Reinette Popplestone, director of UCT's Disability Service, says that the services UCT offers to ensure fair access for its students and staff with disabilities is "constantly evolving". This constant evolution reflects the Disability Service's attempts to respond to each student or staff member's unique needs.
"People are critical sometimes because we are reactive instead of proactive," says Popplestone. But this is by design, she says. Instead of offering a defined set of services, the Disability Service prefers to be approached by students and staff with disabilities, who are then able to explain their particular needs. The unit then makes the necessary arrangements - whether it's organising a wheelchair, finding a sign-language interpreter or hiring a note-taker to assist with a student's lectures.
"We work towards finding a solution to a problem," says Popplestone.
She sees the Disability Service as an instrument that the university can use to support the various needs of students and staff with disabilities.
Much of the work they do is difficult to quantify, she says. It's described in the unit's 2014/2015 annual report as "heart work" in which all the members of the Disability Service team "with their unique set of skills, accompany students and staff with disabilities on their journey towards a successful outcome, whether it is successfully graduating or accessing buildings and services in order to meet their goals as UCT staff".
And it's not just students and staff with permanent disabilities that are assisted.
Popplestone recounts the story of a student who was unable to write in a standard exam venue after fracturing her coccyx. Forced to shift constantly between standing up and lying down, she needed a chair big enough to support the therapeutic cushion that helped to relieve her pain. Popplestone was glad to report that the student wrote and passed all of her exams.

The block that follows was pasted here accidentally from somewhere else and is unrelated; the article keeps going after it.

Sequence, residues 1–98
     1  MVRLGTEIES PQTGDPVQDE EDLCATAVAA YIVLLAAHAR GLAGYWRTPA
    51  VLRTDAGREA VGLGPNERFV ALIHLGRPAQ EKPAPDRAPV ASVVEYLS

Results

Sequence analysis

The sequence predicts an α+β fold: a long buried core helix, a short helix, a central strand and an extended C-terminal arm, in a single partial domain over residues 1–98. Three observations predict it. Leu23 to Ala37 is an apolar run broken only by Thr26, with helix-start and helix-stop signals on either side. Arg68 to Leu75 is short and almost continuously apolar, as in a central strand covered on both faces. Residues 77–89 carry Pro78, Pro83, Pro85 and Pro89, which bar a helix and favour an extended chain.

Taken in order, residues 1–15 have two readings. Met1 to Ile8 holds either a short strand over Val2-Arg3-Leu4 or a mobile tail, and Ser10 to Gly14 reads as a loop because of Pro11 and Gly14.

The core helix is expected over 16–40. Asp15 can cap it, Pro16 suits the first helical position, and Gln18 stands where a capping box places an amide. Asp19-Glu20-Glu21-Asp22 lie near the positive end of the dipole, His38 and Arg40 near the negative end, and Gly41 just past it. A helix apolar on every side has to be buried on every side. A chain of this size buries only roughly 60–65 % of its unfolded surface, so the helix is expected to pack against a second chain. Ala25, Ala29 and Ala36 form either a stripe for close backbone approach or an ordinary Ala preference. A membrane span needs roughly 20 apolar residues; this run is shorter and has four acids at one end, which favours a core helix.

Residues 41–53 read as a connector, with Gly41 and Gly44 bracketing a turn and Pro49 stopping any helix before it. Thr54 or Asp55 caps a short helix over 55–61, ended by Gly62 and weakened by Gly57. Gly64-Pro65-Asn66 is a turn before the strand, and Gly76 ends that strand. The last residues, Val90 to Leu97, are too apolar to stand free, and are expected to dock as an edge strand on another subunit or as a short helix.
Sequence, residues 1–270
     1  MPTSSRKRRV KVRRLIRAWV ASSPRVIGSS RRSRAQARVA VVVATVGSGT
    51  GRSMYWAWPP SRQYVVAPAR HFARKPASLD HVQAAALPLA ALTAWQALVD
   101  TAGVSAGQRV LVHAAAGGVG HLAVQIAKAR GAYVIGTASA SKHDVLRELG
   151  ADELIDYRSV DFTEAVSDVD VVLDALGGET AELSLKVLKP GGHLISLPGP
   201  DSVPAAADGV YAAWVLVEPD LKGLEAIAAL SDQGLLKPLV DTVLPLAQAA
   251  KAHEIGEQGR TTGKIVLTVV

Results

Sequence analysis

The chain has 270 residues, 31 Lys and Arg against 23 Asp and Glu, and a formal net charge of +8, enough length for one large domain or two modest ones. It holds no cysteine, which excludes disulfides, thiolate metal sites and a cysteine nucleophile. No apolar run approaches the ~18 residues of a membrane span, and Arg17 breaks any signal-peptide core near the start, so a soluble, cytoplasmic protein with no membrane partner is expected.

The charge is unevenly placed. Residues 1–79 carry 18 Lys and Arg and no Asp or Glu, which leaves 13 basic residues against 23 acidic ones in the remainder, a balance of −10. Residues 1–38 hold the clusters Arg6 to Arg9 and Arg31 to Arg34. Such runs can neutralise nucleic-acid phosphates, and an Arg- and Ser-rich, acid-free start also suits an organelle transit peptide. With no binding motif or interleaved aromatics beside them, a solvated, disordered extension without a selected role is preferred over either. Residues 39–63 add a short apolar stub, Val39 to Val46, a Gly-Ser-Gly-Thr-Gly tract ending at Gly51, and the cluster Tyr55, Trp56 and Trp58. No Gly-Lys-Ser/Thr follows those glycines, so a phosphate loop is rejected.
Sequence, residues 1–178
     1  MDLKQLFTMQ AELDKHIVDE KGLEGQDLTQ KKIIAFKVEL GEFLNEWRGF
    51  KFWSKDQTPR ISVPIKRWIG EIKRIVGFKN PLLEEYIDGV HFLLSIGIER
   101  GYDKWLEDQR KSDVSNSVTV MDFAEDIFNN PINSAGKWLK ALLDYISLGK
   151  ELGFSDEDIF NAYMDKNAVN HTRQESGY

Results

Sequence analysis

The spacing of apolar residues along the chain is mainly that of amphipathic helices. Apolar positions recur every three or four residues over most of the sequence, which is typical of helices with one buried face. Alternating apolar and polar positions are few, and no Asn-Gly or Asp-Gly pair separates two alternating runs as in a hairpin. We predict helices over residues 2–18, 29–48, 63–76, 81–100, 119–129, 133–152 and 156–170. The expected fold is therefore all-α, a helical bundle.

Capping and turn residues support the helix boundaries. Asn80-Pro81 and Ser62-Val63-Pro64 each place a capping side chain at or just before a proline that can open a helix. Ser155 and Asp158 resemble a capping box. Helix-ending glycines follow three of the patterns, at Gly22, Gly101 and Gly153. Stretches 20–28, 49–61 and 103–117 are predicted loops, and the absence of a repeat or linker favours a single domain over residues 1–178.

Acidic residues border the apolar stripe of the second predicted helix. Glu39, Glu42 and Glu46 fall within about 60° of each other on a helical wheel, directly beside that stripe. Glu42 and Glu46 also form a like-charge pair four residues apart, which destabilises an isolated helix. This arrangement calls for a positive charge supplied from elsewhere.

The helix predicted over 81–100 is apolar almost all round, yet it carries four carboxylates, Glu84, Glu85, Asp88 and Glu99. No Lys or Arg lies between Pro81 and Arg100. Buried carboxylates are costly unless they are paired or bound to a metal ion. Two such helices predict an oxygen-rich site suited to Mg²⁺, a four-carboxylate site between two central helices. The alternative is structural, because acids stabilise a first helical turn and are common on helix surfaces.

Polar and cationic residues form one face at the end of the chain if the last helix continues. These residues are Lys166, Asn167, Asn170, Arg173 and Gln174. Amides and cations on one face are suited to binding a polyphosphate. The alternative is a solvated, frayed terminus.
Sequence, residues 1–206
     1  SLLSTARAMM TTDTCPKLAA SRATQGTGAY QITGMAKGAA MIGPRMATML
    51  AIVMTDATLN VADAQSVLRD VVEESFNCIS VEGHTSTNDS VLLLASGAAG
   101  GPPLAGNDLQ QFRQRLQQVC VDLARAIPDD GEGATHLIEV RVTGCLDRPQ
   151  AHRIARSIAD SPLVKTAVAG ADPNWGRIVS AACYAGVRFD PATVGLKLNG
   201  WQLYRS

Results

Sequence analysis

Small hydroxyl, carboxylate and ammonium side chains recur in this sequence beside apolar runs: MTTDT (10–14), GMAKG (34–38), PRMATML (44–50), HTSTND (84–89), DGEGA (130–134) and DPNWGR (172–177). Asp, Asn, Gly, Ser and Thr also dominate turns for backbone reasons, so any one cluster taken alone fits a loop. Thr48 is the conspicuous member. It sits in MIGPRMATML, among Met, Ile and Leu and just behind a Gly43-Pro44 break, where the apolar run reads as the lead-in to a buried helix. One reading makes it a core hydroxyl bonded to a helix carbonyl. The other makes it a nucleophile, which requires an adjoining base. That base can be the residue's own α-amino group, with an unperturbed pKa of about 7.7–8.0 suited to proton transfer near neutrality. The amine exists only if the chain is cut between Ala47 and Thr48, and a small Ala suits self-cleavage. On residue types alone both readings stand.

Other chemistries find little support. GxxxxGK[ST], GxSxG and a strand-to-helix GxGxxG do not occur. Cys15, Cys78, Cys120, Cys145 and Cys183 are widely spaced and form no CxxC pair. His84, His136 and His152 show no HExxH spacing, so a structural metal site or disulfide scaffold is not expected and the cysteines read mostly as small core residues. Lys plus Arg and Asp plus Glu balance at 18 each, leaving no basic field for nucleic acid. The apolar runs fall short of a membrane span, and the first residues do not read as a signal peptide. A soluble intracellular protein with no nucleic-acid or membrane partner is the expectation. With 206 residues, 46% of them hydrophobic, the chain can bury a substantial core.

The Disability Service has increasingly seen the need to improve its capacity to help students with mental-health challenges. This ranges from organising special exam-period support for students with Tourette's syndrome, to providing ongoing support to students with autism spectrum disorder or attention deficit disorder, for example.
To this end, they employ a consultant psychologist for 25 hours a week to address cases in which students feel they need extra time during exams. During 2014 the psychologist met 294 students who applied for a time concession, and extra time was given to more than half of these students.
Reinette Popplestone, from UCT's Disability Service, and Chaeli Mycroft, from IkeyAbility, talk about access and services for persons with disabilities on campus.
The case-by-case nature of the Disability Service is also demonstrated by its work in facilitating access to the university for a semester-abroad student with quadriplegia.
"Together with her two assistants, we provided accessible accommodation in Forest Hill, [and she] completed her semester with excellent results, obtaining 72, 80 and 91% respectively, the latter for isiXhosa," the unit reports. "As well as the accommodation - we provided her with accessible transport between her residence and lectures, a peer note-taker and a scribe for tests and exams."
In September 2014 an assistive hearing system was installed in the Mafeje Room in the Bremner Building. The system ensures that the voices of speakers anywhere in the room are picked up by anyone in the building who is using a hearing aid. And the Disability Service would like to do even more, but funding is an ongoing challenge, says Popplestone. "We've greatly increased the services we offer without greatly increasing our resources."
Much of the money available goes to retrofitting buildings to be wheelchair-friendly and for the special Jammie Shuttle that transports students and staff with disabilities to and from the university.
Although two sign-language interpreters shared between four deaf students might sound like enough, Popplestone says that time-table clashes mean that it often isn't. Situations like this have led to some tension between the two areas that the Disability Service wants to focus on: service delivery and advocacy.
"If it comes down to a straight choice, I'd choose service delivery," says Popplestone. The idea, of course, is that they should never have to make that choice.
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